Visiting Bath (a delightful spa town and World Heritage Site in South West England) last Saturday, I took the opportunity to explore the wonderful independent book shop Topping & Co. Whilst browsing the titles, I came across a group of staff assembling a new display of the ‘Penguin, Little Black Classic Books’. The publisher are celebrating their eightieth year with a collection of eighty titles. A broad appealing range includes over forty different translations. As the smiling staff member pointed out to me, each one costs only eighty pence ($1.20): ‘the third of a price of coffee’.
I scanned my eye across the collection. There was a booklet containing the letters of Mozart to his father, a short story by Dostoevsky, the Communist Manifesto. My eyes were drawn to a white Buddha image clearly printed on a black cover. The Dhammapada. The final book of the collection. An apt conclusion for the series. Penguin signing off with a succinct, practical guide book for the mind.
I studied Buddhism without any prior knowledge of self-help, only the foundation of an academic study of Western philosophy. After attending several classes it became clear that I was being offered a practical method to transform my busy mind into a place of peace. Most appealing was the relaxed delivery by the speaker: ‘try this technique and if it works in your life, then keep practicing it, if not, leave it to one side’ – no pressure, no agenda.
Buddha is often described as a doctor and his writings as the medicine to reduce the problems in our mind.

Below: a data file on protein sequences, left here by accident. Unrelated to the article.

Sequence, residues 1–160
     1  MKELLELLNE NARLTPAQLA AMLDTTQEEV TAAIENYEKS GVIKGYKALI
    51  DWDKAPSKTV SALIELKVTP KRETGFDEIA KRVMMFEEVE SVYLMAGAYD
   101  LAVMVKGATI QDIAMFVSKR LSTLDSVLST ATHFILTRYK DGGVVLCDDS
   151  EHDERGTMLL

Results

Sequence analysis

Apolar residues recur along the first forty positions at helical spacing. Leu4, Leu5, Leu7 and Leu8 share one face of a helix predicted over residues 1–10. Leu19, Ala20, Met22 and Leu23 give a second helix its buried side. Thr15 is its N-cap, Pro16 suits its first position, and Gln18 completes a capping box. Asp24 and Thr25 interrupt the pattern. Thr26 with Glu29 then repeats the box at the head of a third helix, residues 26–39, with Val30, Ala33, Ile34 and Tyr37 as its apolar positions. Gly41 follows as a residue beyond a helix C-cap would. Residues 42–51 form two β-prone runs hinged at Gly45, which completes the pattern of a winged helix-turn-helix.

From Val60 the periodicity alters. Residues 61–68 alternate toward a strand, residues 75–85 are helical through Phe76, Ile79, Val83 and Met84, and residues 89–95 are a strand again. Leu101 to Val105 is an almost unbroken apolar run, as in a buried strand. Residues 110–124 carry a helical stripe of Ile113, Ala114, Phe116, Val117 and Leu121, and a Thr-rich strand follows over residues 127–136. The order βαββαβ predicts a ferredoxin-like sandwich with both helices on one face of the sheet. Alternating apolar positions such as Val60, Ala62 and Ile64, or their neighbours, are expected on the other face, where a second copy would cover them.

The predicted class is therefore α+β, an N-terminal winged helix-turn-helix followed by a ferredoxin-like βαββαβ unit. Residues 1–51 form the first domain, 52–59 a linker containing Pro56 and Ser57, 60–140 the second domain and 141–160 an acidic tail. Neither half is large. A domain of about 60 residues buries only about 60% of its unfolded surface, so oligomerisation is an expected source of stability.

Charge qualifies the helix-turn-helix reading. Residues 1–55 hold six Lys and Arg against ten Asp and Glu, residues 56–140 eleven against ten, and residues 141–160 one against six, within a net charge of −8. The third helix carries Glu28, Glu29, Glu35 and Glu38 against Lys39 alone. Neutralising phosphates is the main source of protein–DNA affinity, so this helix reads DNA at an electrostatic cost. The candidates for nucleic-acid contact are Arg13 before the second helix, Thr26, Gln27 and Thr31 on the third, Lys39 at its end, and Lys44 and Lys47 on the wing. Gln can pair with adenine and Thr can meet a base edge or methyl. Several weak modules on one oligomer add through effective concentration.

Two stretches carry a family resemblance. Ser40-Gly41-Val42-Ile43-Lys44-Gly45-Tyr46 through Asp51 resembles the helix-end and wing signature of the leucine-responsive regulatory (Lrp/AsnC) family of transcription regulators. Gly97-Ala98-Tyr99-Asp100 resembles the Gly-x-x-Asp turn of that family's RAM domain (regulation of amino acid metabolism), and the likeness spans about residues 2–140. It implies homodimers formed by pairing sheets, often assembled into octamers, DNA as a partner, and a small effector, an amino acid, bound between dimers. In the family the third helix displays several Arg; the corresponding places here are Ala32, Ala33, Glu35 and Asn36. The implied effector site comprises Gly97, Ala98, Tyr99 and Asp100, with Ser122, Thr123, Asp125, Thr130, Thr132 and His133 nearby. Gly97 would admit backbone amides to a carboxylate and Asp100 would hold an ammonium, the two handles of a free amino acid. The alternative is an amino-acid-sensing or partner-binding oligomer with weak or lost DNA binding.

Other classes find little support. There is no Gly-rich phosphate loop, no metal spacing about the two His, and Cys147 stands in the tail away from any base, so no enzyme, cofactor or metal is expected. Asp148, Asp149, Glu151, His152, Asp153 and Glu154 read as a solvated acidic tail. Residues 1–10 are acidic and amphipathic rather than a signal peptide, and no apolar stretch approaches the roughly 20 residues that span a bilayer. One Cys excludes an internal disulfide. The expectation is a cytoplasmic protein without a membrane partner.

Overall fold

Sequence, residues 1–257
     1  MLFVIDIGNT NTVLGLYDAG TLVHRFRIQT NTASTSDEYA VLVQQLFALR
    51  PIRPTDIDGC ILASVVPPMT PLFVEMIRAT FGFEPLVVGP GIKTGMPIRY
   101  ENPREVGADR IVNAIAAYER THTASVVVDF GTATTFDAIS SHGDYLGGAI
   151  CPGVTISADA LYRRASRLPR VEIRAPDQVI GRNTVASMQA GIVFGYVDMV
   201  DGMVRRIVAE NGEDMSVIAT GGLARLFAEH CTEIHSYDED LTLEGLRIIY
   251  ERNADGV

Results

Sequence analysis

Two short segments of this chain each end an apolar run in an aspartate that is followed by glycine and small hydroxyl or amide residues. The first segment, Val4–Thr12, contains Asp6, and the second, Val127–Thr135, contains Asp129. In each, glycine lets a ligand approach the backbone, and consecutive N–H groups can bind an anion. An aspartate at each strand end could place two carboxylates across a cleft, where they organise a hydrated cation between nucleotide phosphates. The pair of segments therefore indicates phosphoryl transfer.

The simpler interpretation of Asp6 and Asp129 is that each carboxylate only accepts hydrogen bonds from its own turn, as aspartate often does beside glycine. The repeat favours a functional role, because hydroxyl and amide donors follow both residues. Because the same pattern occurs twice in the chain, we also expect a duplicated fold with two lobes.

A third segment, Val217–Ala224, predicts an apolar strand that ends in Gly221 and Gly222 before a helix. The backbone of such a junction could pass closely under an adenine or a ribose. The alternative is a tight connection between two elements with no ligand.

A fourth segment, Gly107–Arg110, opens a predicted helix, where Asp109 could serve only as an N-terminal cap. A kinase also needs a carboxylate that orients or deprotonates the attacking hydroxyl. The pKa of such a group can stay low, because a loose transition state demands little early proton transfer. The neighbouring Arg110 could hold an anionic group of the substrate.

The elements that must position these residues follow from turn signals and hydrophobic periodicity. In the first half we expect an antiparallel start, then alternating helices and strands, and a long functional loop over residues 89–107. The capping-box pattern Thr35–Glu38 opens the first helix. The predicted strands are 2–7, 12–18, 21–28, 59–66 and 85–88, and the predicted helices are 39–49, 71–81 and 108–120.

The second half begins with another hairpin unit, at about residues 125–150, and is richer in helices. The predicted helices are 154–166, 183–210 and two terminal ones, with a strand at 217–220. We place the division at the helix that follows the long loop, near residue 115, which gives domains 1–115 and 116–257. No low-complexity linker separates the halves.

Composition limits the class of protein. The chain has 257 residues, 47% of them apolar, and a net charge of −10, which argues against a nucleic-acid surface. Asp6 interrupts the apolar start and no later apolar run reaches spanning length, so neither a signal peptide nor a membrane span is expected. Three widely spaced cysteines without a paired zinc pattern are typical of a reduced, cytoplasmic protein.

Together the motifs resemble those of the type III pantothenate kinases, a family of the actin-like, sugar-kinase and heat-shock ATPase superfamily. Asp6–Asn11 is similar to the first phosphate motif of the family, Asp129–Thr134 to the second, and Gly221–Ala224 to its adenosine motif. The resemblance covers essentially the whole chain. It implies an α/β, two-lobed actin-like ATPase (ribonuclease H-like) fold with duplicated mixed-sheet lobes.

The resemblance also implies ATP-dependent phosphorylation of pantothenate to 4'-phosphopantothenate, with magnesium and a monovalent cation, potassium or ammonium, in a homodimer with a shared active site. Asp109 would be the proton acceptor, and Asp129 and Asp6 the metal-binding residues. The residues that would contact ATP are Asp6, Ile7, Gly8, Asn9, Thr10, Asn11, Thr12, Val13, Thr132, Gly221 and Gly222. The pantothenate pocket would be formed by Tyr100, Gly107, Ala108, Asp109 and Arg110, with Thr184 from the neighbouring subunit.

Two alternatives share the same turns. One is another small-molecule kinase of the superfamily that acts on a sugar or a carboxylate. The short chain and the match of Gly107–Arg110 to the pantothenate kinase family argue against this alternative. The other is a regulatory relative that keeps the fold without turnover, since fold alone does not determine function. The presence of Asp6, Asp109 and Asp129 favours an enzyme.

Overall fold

In the very first paragraph of the Dhammapada, Buddha states:
‘What we are today comes from our thoughts of yesterday and our present thoughts build our life tomorrow, our life is the creation of our mind.’
Taking the book off the display, I retreated into a corner of the shop, pausing for a few moments and quietly reflected upon these opening words, allowing myself to be be drawn into a natural, existential experience. A letting go. The busy mind slowing down with the appreciation that life is not dissimilar to a dream. My mind relaxed and found contentment in that moment.
Thousands of self-help manuals come out each year. Although it may not be explicitly stated, many of them are inspired by this short line. Knowing ones history can be encouraging and inspiring, especially learning where our knowledge and wisdom originates. The rapid growth of Mindfulness has inspired many people to challenge their busy minds and try to live in the moment. If you scratch beneath the surface of this modern advice you will see the influence of the Dhammapada.
If we benefit from Mindfulness and Meditation then spending time with this text is like offering an appreciative nod to the founder of a tradition that is helping us to find peace, calm and happiness; transform our relationships and bringing sanity into our mind and world.
When you are first guided through a Meditation at any class, workshop, yoga studio, retreat, or via a mobile app, you are being presented with an activity of mind that has been engaged in for thousands of years. A timeless, transformative training, that potentially can become your most important life skill.
The Dhammapada is not so much the wild elephant in the room of the self-help and Mindfulness boom, but the Buddha in the room that is, has and will, bring peace into the lives of many people from generation to generation.
Hot off the shelf, I purchased the little black book and walked out into the cool, winter evening of Bath, placing into my pocket four-hundred and twenty-three ancient aphorisms on endurance, self control and joyful living.
We can skim through this booklet, being briefly inspired, but then just return to our life as normal. Or we can take the time to savor these timeless words of advice, like a fine wine: gently swill around the mind, sample the body, tone and note, giving our self the mind space to enjoy their peaceful effect.